2) Let’s just ask the question… Is Derek Jeter in over his head as the face of the Miami Marlins and the “owner” (he invested $25 million for 4% of the team, while controlling owner Bruce Sherman has $400 million of his own money invested) who will make most of the decisions for the team’s immediate future?
Dan: No, at this point in time I don’t think so. He’ll definitely have a tough road ahead, but he doesn’t have to make all the decisions regarding player personnel, etc… like a general manager or front office has to do.
Let his GM handle all the day-to-day work. I think Jeter made the right move in getting into ownership instead of a front office or a dugout.
From what I have seen I think it looks like Jeter is not real good on doing things in a very diplomatic manner. Take for instance how he is handling the Stanton issue. He took forever to even contact the man and when he finally does seem to contact him the scuttlebutt is he (or someone he sent to do the dirty work) tells Stanton if he doesn’t accept a trade then they will trade off multiple other players on the teamwith trade value to reduce payroll. Like I said, if true, not very diplomatic.
In my opinion, he needs to change that method of dealing with people if he wants to last in the game. Time will tell, but so far I figure he still has a lot to learn about being an owner.
Steve: I don’t think he is in over his head so to say, but I don’t think he really knew the amount of work this was going to be. I think with his baseball knowledge, Jeter is going to be that owner that can talk to his players, and be able to make important baseball related decisions, but let Sherman make most of the financial decisions.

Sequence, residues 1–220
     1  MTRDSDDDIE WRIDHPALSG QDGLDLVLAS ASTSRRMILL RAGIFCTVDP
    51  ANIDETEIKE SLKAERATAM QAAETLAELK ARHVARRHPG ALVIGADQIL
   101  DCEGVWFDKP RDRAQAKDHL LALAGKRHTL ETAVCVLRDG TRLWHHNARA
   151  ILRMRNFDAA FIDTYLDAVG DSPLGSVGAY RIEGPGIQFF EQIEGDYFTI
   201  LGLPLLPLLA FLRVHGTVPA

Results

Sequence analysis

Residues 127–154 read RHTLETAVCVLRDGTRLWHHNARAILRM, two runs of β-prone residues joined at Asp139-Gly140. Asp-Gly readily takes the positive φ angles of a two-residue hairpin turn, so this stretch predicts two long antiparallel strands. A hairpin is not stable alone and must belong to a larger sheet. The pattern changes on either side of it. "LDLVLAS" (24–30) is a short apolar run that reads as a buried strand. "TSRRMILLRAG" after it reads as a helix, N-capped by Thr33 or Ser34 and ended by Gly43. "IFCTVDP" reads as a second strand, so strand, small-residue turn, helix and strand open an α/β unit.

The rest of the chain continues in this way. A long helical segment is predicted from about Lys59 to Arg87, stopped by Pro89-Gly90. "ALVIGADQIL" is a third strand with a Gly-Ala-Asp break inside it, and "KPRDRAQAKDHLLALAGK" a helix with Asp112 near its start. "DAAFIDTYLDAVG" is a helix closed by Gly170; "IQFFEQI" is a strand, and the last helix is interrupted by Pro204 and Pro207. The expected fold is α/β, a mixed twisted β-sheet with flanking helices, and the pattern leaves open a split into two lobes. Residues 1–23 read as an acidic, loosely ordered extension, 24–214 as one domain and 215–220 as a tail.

This actually could work having a guy who knows the game so well like Jeter as a minority owner along side a guy who knows business.
3) As the updated Hall of Fame ballot was issued to the public, Hall of Fame second baseman Joe Morgan, in his position as vice chairman of the Hall, Morgan, sent out a letter to the more than 430 BBWAA members who will vote in this year’s election, urging them to invoke that integrity clause by not sending cheaters (steroid users) to Cooperstown.
MLBRT has dealt with this issue of steroid users being enshrined before, but in light of Morgan’s statement against steroid users that he made in his official capacity as vice chairman of the Hall, what is your opinion of his declaration?
Dan: I think Joe Morgan should just stay in his place and not send out personal opinions to voters in an attempt to persuade any voters opinions on voting for or against certain players.